Many times we see patients that have had imaging done (sometimes costly) after having a minimal examination by their doctor. Then they are told they have a...insert your diagnosis.... based on the imaging results, a very brief exam or a combination of both. The knee is one of the most commonly imaged areas of the body. The infamous diagnosis of the knee is a meniscal tear. However, there has been shown to be a high incidence of meniscal tears in non-symptomatic knees as well as symptomatic knees. Additionally, lateral or medial joint line tenderness and end range of motion joint pain seem to be the best indicators of meniscal issues. There are other tests such a McMurray’s and Thessaly’s test that has some usefulness as well.
One of the biggest problems we see is that people come to me with pain in the front part of the knee yet they are told they have a meniscal tear and that is why they have pain. However, if you look at the anatomy of the knee the menisci do not go all the way to the front of the knee and there is actually joint capsule and a fat pad that take up much of the anterior knee. So if the pain is felt toward the front of the knee it is almost impossible to palpate meniscus there.
Meniscal tears actual occur for two main reasons: trauma or overuse. The trauma kind is usually caused by a loading of the knee vertical with a twisting motion with the knee extended or flexed. A pop is usually felt but swelling may not occur hours after the injury. If the swelling occurs immediately, then more likely some ligament injury or anterior knee structure irritation has occurred. The overuse kind is degenerative and occurs over time. Overuse meniscal degeneration is usually seen after the third decade of life but can be seen early in individuals that perform high impact activities to the lower extremities (lots of jumping or constant twisting). However, degeneration is common in people without any pain or issues. Remember there are many soft tissue structures on the front of the knee and if they are compressed by the knee cap, they can cause debilitating pain and swelling.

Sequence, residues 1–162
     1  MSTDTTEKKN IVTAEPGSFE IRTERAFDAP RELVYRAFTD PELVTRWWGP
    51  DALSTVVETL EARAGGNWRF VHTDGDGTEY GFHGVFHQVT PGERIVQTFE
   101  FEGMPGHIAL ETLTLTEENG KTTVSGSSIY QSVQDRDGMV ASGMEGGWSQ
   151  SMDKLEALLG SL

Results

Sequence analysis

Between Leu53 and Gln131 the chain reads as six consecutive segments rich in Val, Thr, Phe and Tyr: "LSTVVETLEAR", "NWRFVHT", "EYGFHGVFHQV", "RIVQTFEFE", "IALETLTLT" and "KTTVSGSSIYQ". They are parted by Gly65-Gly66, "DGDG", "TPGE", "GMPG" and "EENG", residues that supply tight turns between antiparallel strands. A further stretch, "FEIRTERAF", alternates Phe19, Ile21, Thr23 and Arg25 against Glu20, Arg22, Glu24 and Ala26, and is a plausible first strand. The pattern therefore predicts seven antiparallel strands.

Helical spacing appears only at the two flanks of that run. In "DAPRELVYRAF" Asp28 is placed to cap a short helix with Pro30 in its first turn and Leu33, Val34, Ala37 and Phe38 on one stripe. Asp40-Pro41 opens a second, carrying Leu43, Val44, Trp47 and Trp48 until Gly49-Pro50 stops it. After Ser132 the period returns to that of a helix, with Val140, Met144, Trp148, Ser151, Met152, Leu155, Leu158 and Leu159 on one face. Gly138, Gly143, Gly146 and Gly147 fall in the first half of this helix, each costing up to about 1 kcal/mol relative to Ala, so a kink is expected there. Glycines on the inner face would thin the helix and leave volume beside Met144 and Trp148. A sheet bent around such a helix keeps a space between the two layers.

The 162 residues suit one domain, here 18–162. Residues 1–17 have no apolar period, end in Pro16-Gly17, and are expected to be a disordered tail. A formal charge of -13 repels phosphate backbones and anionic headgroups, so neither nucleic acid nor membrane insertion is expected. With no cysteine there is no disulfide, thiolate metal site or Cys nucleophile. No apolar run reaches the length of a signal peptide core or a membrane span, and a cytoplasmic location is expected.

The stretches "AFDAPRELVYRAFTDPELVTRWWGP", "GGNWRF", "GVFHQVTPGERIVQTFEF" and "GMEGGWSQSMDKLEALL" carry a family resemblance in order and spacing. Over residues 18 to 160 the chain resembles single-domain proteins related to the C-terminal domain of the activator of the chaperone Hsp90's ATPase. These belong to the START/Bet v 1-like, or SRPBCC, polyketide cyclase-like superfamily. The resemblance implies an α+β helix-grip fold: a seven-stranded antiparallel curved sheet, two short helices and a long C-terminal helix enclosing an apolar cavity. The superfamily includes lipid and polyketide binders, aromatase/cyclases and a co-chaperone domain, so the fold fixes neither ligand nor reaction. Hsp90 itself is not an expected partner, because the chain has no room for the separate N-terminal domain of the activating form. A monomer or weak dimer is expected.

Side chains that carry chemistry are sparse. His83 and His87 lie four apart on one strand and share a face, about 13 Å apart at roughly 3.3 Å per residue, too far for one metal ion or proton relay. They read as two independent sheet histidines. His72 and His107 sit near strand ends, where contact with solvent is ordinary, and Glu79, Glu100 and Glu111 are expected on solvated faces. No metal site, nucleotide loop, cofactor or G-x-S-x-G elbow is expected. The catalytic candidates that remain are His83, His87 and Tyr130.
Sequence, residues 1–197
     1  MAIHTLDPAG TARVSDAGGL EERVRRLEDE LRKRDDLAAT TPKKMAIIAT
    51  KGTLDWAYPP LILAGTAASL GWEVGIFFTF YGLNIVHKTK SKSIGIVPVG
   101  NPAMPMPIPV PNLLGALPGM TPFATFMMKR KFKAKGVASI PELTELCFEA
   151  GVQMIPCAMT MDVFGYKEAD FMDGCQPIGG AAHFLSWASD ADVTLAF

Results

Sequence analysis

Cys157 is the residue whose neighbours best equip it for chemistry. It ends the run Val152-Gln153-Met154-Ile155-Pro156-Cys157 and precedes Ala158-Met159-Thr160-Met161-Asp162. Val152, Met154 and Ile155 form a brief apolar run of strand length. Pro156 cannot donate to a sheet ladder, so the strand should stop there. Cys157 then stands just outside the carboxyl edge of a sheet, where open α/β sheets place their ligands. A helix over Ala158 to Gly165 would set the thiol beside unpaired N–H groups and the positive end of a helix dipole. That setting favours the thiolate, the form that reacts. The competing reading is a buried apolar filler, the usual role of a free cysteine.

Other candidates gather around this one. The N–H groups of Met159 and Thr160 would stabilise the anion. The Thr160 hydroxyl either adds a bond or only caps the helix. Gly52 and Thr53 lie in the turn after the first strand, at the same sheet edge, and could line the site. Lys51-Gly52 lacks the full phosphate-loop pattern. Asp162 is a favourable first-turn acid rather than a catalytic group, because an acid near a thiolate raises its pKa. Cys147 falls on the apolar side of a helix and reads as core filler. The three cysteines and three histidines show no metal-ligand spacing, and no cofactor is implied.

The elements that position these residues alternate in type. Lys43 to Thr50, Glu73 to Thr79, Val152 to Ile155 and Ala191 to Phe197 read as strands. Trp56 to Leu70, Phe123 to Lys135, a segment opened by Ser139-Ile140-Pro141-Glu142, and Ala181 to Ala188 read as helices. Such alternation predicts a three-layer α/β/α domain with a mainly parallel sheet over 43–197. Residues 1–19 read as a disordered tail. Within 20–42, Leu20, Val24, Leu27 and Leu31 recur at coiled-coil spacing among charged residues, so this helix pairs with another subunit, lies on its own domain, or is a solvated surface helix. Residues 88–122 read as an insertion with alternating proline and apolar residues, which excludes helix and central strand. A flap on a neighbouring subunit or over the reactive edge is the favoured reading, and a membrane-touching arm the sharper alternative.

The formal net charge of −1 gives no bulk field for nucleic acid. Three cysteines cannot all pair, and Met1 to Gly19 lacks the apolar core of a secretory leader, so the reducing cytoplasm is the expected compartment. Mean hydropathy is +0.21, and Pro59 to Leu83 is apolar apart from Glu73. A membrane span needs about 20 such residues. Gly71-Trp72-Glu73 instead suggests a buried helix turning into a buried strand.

The problems that should concern you with a meniscal tear is if the knee is locked in a position or unable to move through the full range of motion with help. This would require a visit to an orthopedic surgeon. Surgery is not always thebest course and complications do arise from surgery. If you just have pain with certain activities and the motion is full, then an individualized thorough examination and rehabilitation is the best course. If you are barely touched or someone tries to tell you what to do based on imaging alone, I would be wary of this. It is your body and you have to live with it.